UzurvDonlon and Frans are Richmond-based Uber drivers who met through an event they were both working in Richmond. The conversation between them dealt with ways in which using Uber could be improved for everyone involved. They agreed that creating a reservation system that allowed more information to be shared about potential riders and drivers could be a great business, piggybacking on the popularity of the fast-growing, ride-sharing market.

Now, let Scott’s Addition introduce you to Matt Donlon and Trish Fitzpatrick, the people behind Uzurv, a reservation app for users of tech-driven car services like Uber and Lyft.  They are leasing a 2,500-square-foot office at 2816 W. Broad St. in the Hofheimer Building!

Uzurv (YOO’-zerv) lets customers reserve rides ahead of time so they aren’t limited just to drivers that happen to be on the clock for immediate, on-demand rides. This is separate from, but complementary to, ride hailing services like Uber.

“Uber is a great engine,” Donlon said. “What we’re doing is a service that builds off that engine … Riders want the economics of Uber but the reliability of a car service and the trust and familiarity of a chauffeur.”

Uzurv works by allowing riders to send out a reservation request for a ride that is then posted on the feeds of drivers working with ride-hailing services.

Uzurv rider

Reservation app to enhance your on-demand riding experience. Stay in the loop on the latest UZURV news by signing up at www.uzurv.com.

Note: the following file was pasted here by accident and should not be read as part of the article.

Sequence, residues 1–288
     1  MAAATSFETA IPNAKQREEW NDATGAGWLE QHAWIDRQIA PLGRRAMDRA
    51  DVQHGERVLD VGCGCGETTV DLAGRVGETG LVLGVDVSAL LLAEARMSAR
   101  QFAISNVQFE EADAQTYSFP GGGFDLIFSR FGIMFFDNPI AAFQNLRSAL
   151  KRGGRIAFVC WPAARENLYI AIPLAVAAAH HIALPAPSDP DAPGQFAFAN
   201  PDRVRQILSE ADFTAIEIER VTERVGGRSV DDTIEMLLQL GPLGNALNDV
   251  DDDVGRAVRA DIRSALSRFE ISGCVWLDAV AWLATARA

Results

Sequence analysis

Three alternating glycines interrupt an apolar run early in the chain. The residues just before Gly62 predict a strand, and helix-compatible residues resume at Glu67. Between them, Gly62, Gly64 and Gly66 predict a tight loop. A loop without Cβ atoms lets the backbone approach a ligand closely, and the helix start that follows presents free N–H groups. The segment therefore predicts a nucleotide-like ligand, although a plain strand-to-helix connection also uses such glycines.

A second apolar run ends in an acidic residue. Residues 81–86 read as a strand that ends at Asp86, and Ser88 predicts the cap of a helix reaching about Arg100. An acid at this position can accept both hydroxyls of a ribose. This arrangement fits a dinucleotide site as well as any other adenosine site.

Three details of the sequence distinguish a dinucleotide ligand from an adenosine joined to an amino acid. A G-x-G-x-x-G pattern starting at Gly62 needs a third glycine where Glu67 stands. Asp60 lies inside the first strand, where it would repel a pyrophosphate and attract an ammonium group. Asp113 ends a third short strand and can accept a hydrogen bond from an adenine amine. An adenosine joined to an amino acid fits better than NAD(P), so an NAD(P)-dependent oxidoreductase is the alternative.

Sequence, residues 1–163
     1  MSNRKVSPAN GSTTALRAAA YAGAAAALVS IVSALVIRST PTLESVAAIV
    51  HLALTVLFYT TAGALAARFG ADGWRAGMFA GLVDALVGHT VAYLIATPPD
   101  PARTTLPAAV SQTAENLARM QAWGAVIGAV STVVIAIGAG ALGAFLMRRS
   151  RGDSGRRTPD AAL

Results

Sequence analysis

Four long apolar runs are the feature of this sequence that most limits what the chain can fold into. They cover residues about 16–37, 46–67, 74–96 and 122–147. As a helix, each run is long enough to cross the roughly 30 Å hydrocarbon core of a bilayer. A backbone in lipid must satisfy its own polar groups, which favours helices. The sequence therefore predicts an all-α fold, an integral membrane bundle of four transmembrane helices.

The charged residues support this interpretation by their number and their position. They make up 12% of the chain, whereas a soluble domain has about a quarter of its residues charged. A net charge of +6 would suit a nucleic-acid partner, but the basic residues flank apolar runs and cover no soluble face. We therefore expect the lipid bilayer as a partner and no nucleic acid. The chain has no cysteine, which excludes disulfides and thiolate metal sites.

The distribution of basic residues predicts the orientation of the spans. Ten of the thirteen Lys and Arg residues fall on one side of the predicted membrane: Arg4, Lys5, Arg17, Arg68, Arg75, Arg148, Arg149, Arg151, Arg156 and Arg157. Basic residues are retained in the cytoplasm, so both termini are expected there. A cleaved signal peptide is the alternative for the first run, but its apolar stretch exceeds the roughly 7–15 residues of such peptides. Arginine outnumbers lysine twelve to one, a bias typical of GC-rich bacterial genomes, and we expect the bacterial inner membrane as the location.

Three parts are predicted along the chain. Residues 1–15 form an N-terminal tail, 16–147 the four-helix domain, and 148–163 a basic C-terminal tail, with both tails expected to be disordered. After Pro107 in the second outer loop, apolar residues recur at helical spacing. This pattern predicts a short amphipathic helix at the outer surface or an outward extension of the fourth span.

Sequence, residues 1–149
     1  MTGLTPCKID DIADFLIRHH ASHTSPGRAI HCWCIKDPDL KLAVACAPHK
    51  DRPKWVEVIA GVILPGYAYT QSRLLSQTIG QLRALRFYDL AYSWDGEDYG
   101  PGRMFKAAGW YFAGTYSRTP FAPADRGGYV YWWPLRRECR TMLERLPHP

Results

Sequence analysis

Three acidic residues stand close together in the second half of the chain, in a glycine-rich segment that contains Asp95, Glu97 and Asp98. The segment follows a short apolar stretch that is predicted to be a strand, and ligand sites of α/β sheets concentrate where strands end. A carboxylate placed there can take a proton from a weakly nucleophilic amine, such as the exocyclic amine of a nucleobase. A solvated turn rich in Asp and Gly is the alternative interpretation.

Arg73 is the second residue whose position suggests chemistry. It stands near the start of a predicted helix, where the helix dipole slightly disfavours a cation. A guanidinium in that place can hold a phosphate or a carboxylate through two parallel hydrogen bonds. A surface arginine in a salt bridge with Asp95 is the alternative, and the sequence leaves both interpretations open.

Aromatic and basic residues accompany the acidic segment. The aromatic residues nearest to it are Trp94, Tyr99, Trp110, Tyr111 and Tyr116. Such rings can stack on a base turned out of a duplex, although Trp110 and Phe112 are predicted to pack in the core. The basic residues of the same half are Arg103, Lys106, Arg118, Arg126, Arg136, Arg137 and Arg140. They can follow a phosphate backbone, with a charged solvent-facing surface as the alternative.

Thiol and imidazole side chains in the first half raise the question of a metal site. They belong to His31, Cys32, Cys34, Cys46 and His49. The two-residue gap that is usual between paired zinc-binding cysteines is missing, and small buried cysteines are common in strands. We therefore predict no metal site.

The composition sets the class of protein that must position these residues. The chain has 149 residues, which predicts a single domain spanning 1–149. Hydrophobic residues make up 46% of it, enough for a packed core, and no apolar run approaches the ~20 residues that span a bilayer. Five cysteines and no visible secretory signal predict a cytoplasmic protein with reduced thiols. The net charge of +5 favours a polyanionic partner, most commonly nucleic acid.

Taylor’s Do It Center to replace Pleasants Hardware

Virginia Beach company to buy Pleasants Hardware – found on Richmond Times-Dispatch

A Virginia Beach-based hardware retailer announced that it is buying the century-old Richmond-based Pleasants Hardware chain. Taylor’s Do It Centers has 11 stores, between Hampton Roads and North Carolina.

Demolition of the flagship Pleasants store is slated to begin this spring to make way for a planned retail development that will include the region’s second Whole Foods Market store. Pleasants opened its first store in 1915 at 1607 W. Broad St. The company has operated from its current spot on West Broad Street since in 1976.

Taylor’s was founded in 1927 and the Taylor family has been involved in company leadership since 1929. A third generation of Taylor’s is now in charge. Besides Joe Taylor, brother Russ Taylor is the company’s vice president/operations manager.

The marketing material for Taylor’s stresses themes similar to those that have been emphasized by Pleasants — cheerful, knowledgeable service; community involvement and charitable giving. We, at Scott’s Addition, hope that they can continue showing similar values and community involvement.

New Wawa to be built on the Boulevard, in Scott’s Addition

Wawa heads to the Boulevard – found in Richmond Biz Sense

J.F. Williams III isn’t waiting around to find out the fate of The Diamond. The local developer and retired commercial real estate broker has signed a deal to bring a Wawa location to 3100 N. Boulevard, on the razed site that once housed Bill’s Barbecue. Williams said Wawa has agreed to a long-term lease for 1.44 acres at Ellen Road and North Boulevard. He owns an additional 1.5 acres at 3108 N. Boulevard, where Shenandoah Shutters’ facility once stood.

“It’s really the first new development north of the bridge (on North Boulevard), and I think it’s significant in that regard,” says Williams.

Despite The Diamond being in limbo, North Boulevard has seen its share of activity in recent months. Local developer Ed Lacy bought the shuttered North Boulevard Car Pool property in December and is looking to lease it. Chris Tsui and his Eat Restaurant Partners recently opened a burger spot at 1300 N. Boulevard, and local ice cream maker Gelati Celesti announced it is opening a storefront at 1400 N. Boulevard.

Williams said whatever happens, he believes in the potential of the area.

“It’s going to happen one way or the other,” he said. “We’re anxious to know what ‘mixed-use’ means and who the developers are.”